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President Uhuru’s case for constitutional change

By Eric Wainaina
Tuesday, June 2nd, 2020
National Assembly Speaker Justin Muturi with his Senate counterpart Ken Lusaka and Attorney General Kariuki Kihara during Madaraka Day Celebrations at State House, Nairobi, yesterday. Photo/PSCU
In summary
    • President Uhuru Kenyatta and his political nemesis Raila Odinga on March 9, 2018 signed a peace deal that has shaped the Kenyan social and political landscape in unexpected ways.
    • Ruto’s allies have been against BBI and have also been opposing the push for law change, terming it untimely initiative.

Eric Wainaina @Ewainaina

The clamour for constitutional change gained impetus yesterday after President Uhuru Kenyatta said a referendum, which has been a subject of a rift between his allies and those of his Deputy William Ruto, was inevitable for the country to improve on governance and inclusivity.

President Uhuru, who led the country in marking the 57th Madaraka Day celebrations from State House, Nairobi, said he was convinced a review of the 2010 Constitution is a must, saying it will help the country address some of the challenges facing it and which have continued to create hurdles to a progressive nation.

“Ten years later, I am already discerning a constitutional moment. Not a moment to replace the 2010 Constitution but one to improve on it.

A moment that will right what we got wrong in 2010 (when Kenya enacted a new set of laws).

But fundamentally, the constitutional moment I discern is one that will bring an end to the senseless cycles of violence we have experienced in every election since 1992,” the President said.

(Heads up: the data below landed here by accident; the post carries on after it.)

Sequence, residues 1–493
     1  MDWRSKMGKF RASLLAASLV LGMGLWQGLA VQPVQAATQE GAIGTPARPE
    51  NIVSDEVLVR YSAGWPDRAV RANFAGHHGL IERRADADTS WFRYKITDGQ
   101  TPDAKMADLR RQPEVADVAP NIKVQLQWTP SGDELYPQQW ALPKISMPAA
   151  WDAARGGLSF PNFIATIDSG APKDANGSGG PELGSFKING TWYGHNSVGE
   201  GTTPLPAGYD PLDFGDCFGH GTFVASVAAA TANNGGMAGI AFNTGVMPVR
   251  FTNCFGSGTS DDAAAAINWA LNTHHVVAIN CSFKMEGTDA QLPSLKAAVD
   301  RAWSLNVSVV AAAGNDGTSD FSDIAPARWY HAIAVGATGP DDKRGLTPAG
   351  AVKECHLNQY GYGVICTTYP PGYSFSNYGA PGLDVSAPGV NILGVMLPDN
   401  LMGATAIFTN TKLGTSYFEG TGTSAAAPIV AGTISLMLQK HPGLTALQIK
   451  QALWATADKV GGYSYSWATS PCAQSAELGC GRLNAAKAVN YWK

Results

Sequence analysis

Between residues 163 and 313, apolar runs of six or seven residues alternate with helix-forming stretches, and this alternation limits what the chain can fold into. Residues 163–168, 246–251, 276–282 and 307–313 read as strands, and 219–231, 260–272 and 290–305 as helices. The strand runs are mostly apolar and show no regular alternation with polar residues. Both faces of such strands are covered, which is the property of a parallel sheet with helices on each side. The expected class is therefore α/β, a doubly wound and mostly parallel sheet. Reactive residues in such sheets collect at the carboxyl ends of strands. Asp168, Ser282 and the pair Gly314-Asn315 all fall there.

The move is likely to escalate the animosity between proponents of the Building Bridges Initiative (BBI) which is a product of the March 9, 2018 Handshake between the President and Opposition leader Raila Odinga, both who have been pushing for, among other things, an expansion of the Executive as a way for ending divisive elections.

Ruto’s allies have been against the BBI and have also been opposing the push for a constitutional change, terming it as untimely initiative meant to scuttle the DP’s bid to succeed Uhuru in 2022.

But the President, who was officially pronouncing himself over the matter for the first time, said there is a need for a change of the country’s governance system, hinting at expansion of the Executive, among other changes as proposed in the BBI report.

“We cannot re-imagine our nationhood without changing our political architecture.

And we cannot change this architecture without re-engineering our Constitution.

If we have done great things in the area of brick and mortar, the greater things that remain to be done have to do with our governance system.

And we must not be afraid of changing this system, if it does not serve our present purposes,” he added.

To back his argument that the country is already experiencing a constitutional moment, Uhuru said if certain sections of the Constitution outlive their historical purposes, “they become a cancer” and, therefore, must be done away with but if that will not happen they will infect the good elements of the mother law”.

Competition for the presidency, desire for inclusion in governance at the top levels, backed by ethnicised politics and competition for resources, emerged as the greatest contributors to divisive elections that rock the country after every five years.